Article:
Switching gears, can you talk about your decision to cast Chloë Grace Moretz?

One thing I really love about Chloë is that she has movie start quality. The camera loves looking at her. She’s utterly entertaining; she’s got a great voice and she’s really charismatic. I also thought she was the right age because she is truly a teenager. And that meant she was going through a lot of things the real Carrie was going through. One challenge, however, was that Chloë is a child star and is used to a certain comfortable lifestyle that is very different from Carrie. In a lot of ways, Carrie and Chloë are opposites. But that’s the magic of a great actor.

It’s a big coup for the film to have Julianne Moore star as Carrie’s extremely religious mother Margaret. Did you have to change the character in order to better reflect the current role of religious fundamentalism in American culture?

When Brian de Palma first cast this role, he was bringing religious fundamentalism into popular culture in ways people hadn’t really seen before. And once he introduced it, people loved it, and it worked great [in the film]. Cut to 40 years later, religiosity has played a new role. It’s much more front and center and it’s much more in the media. If you have a character that’s excessive and religious you run the risk of mocking that character. But with an actress like as gifted and amazing as Julianne Moore, we could work on conveying Margaret as an antagonist who the audience could identify with.

What was Moore’s relationship like with Moretz on set?

Two things happened. They had a real mother, daughter relationship. Chloë is a real teenager and Julianne is a wonderful mother who really privileges family. So they bonded. The other thing was that as Chloë worked with Julianne, who is an extraordinary actor, she just got better and better; better actor makes better actor. We all felt it on set. We said we were lost in the White House [Carrie’s house] during that time.

The house plays an important role in the movie. How did you design it and what did you want to convey?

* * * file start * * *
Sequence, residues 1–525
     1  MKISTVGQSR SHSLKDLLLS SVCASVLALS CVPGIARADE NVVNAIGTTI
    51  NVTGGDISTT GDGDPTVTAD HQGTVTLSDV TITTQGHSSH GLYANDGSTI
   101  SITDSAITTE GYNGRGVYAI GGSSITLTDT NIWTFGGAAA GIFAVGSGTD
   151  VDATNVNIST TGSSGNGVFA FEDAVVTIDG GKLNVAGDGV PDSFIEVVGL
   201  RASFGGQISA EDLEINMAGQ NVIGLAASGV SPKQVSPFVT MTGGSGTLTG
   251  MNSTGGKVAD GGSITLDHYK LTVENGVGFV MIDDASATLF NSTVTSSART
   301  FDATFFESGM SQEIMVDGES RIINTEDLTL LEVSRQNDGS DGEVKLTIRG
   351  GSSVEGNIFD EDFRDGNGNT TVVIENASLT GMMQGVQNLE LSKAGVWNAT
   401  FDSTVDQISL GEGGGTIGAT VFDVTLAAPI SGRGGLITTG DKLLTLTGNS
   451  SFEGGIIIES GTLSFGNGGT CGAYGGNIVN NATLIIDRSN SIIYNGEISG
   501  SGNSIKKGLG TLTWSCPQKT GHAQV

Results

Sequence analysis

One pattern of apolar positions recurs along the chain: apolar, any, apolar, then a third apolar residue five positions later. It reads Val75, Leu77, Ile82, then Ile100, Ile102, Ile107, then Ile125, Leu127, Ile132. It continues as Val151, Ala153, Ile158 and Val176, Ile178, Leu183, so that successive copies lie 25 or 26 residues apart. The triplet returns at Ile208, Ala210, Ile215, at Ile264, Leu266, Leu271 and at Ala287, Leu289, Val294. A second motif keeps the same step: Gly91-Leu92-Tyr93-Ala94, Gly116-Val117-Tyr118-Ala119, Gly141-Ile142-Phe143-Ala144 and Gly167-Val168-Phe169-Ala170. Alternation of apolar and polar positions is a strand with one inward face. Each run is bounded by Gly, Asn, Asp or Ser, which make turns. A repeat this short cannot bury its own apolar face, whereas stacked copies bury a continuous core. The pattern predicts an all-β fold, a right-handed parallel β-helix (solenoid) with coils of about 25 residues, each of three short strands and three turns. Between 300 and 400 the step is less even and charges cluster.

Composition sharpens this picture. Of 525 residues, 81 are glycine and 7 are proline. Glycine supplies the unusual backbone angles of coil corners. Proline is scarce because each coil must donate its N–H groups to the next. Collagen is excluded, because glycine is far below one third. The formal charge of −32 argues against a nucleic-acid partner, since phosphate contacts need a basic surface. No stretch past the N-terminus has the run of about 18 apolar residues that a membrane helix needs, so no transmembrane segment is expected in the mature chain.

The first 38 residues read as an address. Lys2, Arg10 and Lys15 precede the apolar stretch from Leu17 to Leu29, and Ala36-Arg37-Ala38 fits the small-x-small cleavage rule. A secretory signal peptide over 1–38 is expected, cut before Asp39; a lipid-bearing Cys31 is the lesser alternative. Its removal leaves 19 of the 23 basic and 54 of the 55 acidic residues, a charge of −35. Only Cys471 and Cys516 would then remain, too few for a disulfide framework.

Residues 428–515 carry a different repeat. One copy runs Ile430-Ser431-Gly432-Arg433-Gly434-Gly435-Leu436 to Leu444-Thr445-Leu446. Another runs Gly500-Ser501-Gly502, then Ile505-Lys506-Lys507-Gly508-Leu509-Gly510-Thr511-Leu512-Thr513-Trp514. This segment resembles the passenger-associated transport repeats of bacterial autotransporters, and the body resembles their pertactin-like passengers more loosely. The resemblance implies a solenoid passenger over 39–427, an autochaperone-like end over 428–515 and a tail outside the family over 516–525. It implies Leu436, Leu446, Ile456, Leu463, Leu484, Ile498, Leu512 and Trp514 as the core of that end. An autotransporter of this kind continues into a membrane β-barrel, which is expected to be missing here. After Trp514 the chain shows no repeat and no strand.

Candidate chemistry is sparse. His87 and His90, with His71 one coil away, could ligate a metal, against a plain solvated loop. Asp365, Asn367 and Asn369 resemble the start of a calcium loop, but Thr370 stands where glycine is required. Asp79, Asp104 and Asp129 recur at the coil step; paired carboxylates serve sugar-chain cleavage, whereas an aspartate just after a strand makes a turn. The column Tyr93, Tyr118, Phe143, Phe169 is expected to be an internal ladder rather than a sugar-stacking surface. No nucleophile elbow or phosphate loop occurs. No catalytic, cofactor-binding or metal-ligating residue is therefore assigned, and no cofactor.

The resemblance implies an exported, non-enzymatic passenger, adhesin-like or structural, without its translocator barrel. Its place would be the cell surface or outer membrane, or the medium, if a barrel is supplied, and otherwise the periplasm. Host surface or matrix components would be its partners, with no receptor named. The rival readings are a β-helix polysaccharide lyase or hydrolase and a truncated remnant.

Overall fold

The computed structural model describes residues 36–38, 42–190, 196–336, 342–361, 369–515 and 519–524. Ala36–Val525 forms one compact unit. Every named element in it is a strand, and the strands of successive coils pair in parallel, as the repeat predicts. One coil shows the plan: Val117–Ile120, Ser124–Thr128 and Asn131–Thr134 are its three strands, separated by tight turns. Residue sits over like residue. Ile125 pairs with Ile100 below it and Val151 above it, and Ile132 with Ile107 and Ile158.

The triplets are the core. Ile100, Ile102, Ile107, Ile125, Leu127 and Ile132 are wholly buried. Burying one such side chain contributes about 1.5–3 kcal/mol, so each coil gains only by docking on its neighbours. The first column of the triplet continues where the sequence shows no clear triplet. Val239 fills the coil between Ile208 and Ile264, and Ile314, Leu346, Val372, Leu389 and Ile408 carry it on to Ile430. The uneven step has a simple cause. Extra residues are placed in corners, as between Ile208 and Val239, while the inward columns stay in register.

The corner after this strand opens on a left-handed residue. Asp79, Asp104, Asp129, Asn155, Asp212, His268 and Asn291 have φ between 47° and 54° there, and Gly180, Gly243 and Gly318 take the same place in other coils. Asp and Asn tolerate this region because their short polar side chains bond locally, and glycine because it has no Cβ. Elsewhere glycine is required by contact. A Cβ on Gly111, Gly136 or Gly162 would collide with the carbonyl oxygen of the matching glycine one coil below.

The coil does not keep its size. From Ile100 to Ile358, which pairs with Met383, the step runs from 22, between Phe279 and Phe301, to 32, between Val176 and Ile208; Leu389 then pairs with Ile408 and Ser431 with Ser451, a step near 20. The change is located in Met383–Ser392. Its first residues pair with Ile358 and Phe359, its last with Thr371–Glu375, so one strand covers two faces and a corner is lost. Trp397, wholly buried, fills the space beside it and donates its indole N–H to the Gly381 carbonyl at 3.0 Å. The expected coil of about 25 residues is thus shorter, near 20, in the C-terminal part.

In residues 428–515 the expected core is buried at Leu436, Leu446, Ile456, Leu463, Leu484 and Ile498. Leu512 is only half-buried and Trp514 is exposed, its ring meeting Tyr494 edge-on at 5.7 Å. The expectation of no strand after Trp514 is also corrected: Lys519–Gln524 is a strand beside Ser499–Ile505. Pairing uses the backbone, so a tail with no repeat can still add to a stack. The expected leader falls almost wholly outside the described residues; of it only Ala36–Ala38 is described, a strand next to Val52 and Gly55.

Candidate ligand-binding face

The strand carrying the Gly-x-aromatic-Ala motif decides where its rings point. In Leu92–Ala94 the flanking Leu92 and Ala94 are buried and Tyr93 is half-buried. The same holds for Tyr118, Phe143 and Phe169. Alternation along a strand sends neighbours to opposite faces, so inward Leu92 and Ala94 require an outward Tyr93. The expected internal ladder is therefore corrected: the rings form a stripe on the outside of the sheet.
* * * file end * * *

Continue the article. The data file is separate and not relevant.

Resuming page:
We really wanted to differentiate the house from the rest of the outside. The house is a safe space for Margaret. She also beats Carrie, and she only beats her inside the house. That’s why Carrie never wants to go inside. It’s a very emotional movie and Carrie’s powers erupt from emotion. The house feels the relationship between the women. We built in this wonderful soundscape that reacts to how the two women engage each other. It mourns, aches, and grieves with the women, and in the end, it dies with them.


Carrie Through the Years

‘Carrie’ in 1976 and 2002
Photography: (1976) Everett Collection, Inc.; (2002) Paul Michaud/NBC

1974: Stephen King’s best-selling novel is one of the first books to take on bullying and religious radicalism.

1976: Brian De Palma’s blood-soaked movie premieres to critical and commercial acclaim; two Oscar nominations later, it’s a Halloween classic.

1988: An $8 million musical adaptation becomes one of the most expensive flops in Broadway history.

1999: The Rage: Carrie 2 hits movie theatres. Don’t remember it? Neither does anyone else.

2002: Writer Bryan Fuller (Dead Like Me, Heroes) pens a two-hour NBC special with a PG rating. Nuff said.

2012: Off Broadway takes a stab— this time the musical survives 34 previews and 46 shows.

2013: Kim Peirce releases her remake. She will discuss the film at the Humanities Festival on November 9. For info,